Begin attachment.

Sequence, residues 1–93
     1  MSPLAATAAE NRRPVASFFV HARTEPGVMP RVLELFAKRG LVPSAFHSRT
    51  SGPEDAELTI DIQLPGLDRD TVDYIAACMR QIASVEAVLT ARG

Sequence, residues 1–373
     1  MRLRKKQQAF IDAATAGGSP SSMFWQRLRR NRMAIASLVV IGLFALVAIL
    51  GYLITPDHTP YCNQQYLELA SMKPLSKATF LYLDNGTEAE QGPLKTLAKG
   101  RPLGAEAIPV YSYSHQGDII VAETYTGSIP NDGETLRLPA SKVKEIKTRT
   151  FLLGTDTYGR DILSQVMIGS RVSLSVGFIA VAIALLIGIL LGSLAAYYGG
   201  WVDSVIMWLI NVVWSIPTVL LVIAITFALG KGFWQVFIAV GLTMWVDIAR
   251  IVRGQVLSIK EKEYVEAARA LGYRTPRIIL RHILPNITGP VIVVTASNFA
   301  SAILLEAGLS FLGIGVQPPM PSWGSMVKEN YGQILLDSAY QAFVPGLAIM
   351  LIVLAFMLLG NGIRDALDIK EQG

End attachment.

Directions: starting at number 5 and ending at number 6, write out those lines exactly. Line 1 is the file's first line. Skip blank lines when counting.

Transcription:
     1  MRLRKKQQAF IDAATAGGSP SSMFWQRLRR NRMAIASLVV IGLFALVAIL
    51  GYLITPDHTP YCNQQYLELA SMKPLSKATF LYLDNGTEAE QGPLKTLAKG